It’s vital that any project delivers the outcome the customer is looking for, and project managers are accountable for control of the project scope. In many cases, new requirements add complexity and delay without adding value, so it’s vital that project managers can apply a robust method to prioritise these requests.
MoSCoW is a popular way to prioritise requirements based on the importance each item has for the end customer. Find out how to use MoSCow effectively, and learn how this tool allows project managers to keep a project on track.
Definition of MoSCoW
The MoSCoW model gets its name from the way it categorises new requirements based on the importance of the expected outcome. For each request, the project team should decide if the customer or end user:
- Must have this requirement
- Should have this requirement (but the project can launch without it)
- Could have this requirement (but the project has no dependency on this work)
- Would like to have this requirement (but the work is a low priority)
WIth MoSCoW, project managers can prioritise single or multiple requirements.
The benefits of MoSCoW
MoSCoW is effective because this method of prioritisation is simple. Even if a discussion goes off-track or becomes confused, it’s easy for the project manager to focus everyone’s attention back on the four states. A group discussion makes it easy to challenge decisions. For example, if somebody decides that a requirement is essential, it’s easy for the group to challenge the statement, and to ask people to explain or describe why a requirement is essential.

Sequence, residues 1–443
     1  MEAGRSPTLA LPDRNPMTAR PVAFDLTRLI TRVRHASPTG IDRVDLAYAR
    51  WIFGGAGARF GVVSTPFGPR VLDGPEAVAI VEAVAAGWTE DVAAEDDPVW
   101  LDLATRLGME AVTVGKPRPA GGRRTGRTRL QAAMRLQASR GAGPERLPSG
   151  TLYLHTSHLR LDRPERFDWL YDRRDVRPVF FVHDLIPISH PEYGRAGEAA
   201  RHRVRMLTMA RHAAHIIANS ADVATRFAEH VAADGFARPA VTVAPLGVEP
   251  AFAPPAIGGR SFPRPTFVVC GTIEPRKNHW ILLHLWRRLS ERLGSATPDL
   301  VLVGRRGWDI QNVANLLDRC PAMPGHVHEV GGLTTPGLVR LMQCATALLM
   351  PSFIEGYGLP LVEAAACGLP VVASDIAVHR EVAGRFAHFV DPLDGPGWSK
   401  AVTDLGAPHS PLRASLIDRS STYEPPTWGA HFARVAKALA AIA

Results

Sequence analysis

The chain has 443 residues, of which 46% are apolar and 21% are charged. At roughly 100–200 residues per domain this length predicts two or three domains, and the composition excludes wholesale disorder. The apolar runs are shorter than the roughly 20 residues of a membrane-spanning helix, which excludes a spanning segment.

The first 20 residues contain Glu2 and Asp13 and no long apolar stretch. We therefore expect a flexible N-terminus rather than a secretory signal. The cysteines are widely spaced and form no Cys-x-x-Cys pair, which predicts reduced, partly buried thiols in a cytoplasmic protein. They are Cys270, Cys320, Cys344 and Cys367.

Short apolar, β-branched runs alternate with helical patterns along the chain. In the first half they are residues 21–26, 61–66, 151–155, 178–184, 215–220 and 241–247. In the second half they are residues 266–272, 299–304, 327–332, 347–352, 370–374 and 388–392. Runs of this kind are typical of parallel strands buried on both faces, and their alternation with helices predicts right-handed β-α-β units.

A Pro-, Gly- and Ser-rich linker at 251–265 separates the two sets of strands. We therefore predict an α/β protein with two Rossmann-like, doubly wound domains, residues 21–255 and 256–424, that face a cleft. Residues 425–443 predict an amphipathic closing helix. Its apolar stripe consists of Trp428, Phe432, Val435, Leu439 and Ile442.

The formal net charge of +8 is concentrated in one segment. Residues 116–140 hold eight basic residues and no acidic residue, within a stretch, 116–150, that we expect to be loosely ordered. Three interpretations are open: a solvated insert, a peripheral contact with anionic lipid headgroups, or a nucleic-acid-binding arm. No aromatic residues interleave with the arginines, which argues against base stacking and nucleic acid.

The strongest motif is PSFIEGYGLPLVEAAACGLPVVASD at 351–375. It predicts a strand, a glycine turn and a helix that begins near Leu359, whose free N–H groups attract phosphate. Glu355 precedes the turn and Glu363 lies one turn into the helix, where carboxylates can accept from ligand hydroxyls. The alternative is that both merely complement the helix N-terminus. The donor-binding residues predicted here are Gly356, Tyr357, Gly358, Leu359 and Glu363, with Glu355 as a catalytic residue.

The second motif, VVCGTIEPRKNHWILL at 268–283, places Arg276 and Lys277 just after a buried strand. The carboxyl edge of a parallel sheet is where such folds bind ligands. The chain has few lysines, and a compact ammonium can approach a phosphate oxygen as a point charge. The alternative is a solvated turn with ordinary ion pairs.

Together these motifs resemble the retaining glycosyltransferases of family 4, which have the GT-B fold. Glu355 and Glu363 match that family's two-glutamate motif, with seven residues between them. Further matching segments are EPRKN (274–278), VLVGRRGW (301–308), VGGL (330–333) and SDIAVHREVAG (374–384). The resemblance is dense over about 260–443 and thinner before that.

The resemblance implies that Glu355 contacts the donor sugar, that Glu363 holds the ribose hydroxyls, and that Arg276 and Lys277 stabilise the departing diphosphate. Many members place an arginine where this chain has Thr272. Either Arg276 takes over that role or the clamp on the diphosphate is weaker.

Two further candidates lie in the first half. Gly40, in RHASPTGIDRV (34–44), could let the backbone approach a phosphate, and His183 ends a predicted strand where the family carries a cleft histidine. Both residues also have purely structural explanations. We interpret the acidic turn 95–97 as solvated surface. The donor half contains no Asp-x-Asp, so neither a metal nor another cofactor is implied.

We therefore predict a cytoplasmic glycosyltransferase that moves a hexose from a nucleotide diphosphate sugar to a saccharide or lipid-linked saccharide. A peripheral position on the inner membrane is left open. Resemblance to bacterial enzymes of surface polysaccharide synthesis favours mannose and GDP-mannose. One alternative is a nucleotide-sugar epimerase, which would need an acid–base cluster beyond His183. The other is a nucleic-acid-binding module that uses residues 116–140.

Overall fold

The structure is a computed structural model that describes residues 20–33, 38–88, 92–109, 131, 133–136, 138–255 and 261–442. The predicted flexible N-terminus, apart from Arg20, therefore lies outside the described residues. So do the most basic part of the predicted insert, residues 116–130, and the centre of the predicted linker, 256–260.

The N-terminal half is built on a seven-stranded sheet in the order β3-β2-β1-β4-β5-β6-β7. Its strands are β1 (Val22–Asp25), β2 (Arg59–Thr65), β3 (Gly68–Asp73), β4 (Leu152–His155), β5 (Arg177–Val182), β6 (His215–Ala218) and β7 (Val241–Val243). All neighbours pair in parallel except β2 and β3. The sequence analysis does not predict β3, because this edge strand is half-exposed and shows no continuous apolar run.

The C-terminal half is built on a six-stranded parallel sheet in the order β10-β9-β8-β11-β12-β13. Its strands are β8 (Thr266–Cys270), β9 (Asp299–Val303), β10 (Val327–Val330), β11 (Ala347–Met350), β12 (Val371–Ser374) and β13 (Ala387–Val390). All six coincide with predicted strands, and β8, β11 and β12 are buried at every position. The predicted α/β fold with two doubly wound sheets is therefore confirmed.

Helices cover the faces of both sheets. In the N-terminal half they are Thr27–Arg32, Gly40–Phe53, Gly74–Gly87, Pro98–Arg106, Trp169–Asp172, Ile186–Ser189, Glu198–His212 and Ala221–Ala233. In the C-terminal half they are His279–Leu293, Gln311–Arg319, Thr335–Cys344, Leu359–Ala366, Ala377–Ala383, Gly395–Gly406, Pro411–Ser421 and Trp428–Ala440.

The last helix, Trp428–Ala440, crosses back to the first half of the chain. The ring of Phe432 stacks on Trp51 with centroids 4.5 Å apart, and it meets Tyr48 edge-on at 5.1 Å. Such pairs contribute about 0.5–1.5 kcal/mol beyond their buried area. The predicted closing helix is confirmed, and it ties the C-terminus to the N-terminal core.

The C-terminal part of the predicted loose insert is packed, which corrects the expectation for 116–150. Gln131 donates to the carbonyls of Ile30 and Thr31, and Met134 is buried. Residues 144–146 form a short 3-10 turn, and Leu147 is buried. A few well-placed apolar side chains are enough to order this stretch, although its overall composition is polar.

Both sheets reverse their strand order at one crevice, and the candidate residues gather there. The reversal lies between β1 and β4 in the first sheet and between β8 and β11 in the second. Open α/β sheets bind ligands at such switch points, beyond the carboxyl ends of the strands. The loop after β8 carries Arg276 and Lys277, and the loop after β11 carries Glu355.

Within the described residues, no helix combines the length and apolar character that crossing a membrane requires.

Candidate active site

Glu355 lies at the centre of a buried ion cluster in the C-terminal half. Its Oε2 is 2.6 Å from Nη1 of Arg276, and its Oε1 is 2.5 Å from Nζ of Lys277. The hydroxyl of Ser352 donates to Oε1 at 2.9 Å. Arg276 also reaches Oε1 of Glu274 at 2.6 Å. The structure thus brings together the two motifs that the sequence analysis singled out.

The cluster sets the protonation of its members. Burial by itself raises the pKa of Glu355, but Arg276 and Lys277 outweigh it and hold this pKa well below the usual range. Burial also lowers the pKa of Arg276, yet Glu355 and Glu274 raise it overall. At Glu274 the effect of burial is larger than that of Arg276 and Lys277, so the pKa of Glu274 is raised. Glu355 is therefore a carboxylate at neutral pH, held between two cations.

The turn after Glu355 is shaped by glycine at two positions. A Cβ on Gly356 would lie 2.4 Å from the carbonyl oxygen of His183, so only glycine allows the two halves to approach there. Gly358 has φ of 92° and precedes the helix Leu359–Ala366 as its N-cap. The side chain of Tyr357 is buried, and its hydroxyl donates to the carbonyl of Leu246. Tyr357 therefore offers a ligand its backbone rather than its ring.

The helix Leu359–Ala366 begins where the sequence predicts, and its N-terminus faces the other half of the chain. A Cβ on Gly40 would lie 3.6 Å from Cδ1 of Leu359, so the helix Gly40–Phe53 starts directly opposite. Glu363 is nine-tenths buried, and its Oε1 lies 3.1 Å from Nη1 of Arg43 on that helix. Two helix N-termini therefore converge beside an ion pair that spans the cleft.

Other prioritisation methods are often more complex. For example, project team members may need to apply a score or weighting, or find a way to rank the various items in a list. MoSCoW essentially puts the requirements in simple categories. The project team can then decide if they available time and budget to deliver those categories, and, if necessary, focus solely on the essential requirements.
How MoSCoW can go wrong
New project managers should understand that MoSCoW is a simple approach, but it’s still easy to make mistakes.
It’s important to ask the right people to define the status of each requirement. A conversation with the wrong people will quickly derail the conversation. For example, when you develop a new customer service process, you need to consider the user and the customer because they each have different perspectives. Without the right input, you may end up with the wrong MoSCoW definitions.
Some stakeholders may not agree on the definition of essential. For example, a new business process may yield unexpected IT development work. A manual, interim process may help you avoid those IT costs, but some people may argue that the system solution is essential. Project managers need to help project team members consider other ways of working that can help you meet time, quality and cost targets. The MoSCoW outcome is unlikely to make everyone happy.
Some requirements are automatically essential. For example, if you work in a heavily regulated business environment, some work is always essential because your client is breaking the law without it. Many requirements that focus on the law or regulatory compliance will fit into the ‘must’ category, so don’t waste time debating things outside the project team’s control.
MoSCow is a simple, effective prioritisation method that can avoid unnecessary delay and cost. Project managers must carefully steer project teams through the process, to help people focus on the truly critical requirements. Learn more about this process and how to apply it by talking to professional consultants such as Plenty Training.Read More